The stunning Mahira Khan, known for her breakthrough role in Humsafar, will be returning to TV screens with her upcoming drama, Sadqay Tumhare, which airs on HUM TV from Friday (tomorrow), October 10.

In a telephonic interview with , Mahira talks about Sadqay Tumhare and the transition in her roles.

We know that Sadqay Tumhare will be a love story - what will set it apart from other dramas?

Mahira Khan: Yes, it is a love story set in the 70s, focused on two young lovers who try to be with each other against all odds. The drama has an excellent cast and is very character-driven and the story is well-written.

How different will Shaano be from Khirad in Humsafar or Falak in Shehr-e-Zaat?

MK: In Humsafar, Khirad is this naive girl who later becomes immensely courageous. Falak in Shehr-e-Zaat was an ignorant, rich brat who tries to find solace in material things, only to later seek the true purpose of her existence.

Shaano on the other hand is completely different from Khirad and Falak. She is innocent, cute and all she cares about is love. She sings at home and is very chulbuli, but there is another aspect to her character as well - she has good foresight and she can feel if something will go wrong beforehand.

You were away from television for quite some time. What had kept you away?

MK: Like all other actors, I get many offers for serials but my choice always depends on two things – the script and the time I can give. I am definitely an actor but that is not the only thing that I am. I have a personal life and I am dedicated to both. I can’t jump in and out of roles, and I am not so good at that (laughs). Honestly, I didn’t expect it myself with Sadqay, I am feeling as nervous about the audience’s response, just as I felt with my first drama.

  Mahira Khan as Shaano in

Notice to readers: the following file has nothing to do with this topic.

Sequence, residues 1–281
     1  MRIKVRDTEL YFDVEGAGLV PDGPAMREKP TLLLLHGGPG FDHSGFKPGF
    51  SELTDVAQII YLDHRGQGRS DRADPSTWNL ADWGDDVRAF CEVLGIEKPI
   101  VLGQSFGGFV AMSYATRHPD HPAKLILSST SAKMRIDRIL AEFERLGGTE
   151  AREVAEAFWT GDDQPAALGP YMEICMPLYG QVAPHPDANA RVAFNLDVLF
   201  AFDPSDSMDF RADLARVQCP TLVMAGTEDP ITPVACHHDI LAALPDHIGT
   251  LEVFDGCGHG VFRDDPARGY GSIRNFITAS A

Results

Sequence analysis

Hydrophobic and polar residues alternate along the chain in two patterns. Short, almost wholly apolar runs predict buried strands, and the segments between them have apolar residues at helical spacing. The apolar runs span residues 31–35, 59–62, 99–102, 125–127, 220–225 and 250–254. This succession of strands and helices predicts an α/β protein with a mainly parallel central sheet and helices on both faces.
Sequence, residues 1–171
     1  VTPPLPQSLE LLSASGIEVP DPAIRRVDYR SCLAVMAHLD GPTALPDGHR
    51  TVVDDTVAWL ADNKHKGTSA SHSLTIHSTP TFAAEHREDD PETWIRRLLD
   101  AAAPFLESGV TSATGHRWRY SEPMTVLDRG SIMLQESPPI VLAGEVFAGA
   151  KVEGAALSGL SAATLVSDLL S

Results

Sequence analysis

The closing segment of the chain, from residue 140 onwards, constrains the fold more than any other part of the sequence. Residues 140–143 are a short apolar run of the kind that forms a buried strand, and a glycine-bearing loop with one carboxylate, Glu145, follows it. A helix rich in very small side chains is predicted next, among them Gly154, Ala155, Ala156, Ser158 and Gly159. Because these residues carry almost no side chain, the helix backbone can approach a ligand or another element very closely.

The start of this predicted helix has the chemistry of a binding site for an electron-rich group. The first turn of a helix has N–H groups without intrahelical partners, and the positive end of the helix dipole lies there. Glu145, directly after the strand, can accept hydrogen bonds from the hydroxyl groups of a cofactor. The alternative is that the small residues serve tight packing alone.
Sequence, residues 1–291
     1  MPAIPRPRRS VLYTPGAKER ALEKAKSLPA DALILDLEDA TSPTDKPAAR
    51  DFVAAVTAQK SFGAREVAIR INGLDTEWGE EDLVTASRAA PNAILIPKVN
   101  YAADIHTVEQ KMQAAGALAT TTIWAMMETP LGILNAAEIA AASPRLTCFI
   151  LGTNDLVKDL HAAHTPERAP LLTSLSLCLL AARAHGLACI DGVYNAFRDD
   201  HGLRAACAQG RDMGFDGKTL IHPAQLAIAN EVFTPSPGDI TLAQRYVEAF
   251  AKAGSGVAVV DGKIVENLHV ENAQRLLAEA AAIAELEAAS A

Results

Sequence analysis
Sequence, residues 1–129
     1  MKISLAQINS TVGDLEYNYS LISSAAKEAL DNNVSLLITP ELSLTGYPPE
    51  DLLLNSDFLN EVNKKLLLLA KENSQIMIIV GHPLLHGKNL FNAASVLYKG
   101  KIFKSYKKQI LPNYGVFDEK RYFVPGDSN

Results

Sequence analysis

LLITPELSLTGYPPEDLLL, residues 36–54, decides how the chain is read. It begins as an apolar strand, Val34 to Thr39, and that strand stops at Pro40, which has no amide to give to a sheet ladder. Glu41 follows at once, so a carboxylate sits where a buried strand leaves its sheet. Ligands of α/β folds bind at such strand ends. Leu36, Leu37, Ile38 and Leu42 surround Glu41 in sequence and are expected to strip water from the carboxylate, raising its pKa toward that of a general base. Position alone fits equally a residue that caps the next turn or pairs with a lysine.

Mahira Khan as Shaano in 'Sadqay Tumharay'
  Mahira Khan as Falak in Shehr-e-Zaat
Mahira Khan as Falak in Shehr-e-Zaat

You said that the drama is set in villages. Where exactly has it been shot?

MK: We shot everywhere – Lahore, Karachi, Kotri, interior Sindh, and interior Punjab. It was hard, but our director Ehtishamudin made sure we did not lose our spirits. I feel Ehteshamuddin has done a tremendous job with Sadqay. This is his baby and he has gone the extra mile in terms of sets and location.

Setting was key because Shaano’s nanyal (maternal family) is in one gaon (village) and she herself lives in another. Had he not shot the drama in different villages the audience would have picked up on that; a lot of effort has been made to make the drama plausible.

In previous roles you were reticent (to some extent) but in Sadqay you are quite the opposite. Your dialog on laal jora is already being lauded by your fans. What is your take on that?

MK: I can’t be more thankful for this and I pray that people laud the drama as well. There are many, many such dialogs penned by the great Khalil-ur-Rehman Qamar. I just hope I can do justice to them because they’re absolutely gorgeous.

There is another dialog that moved my heart: “Agar muhabbat me ilhaam na ho tou fittay mu muhabbat ka.”

Adnan Malick has also made a comeback in the industry after at least three to five years. We have known him as a host and as a model, but how is he as an actor?

MK: Adnan is an old friend, and I was taken away by his dedication on the set! The whole experience was amazing. We all have been there with our first dramas or plays and I just wanted to be there for him and support him.

Recently it was speculated that you and Fawad Khan were signing a project together. Is there any truth to that?

MK: Speculation is there because Fawad had mentioned in some interview that he would like to work with me again and some people misinterpreted that as a sign that we were already working on something. Of course we would want to work with each other in the future, but for now there are no such plans.

Are there any more projects, film or dramas coming up?

MK: There is an upcoming project but there are no dramas lined up after Sadqay. This is more than enough for me (laughs).


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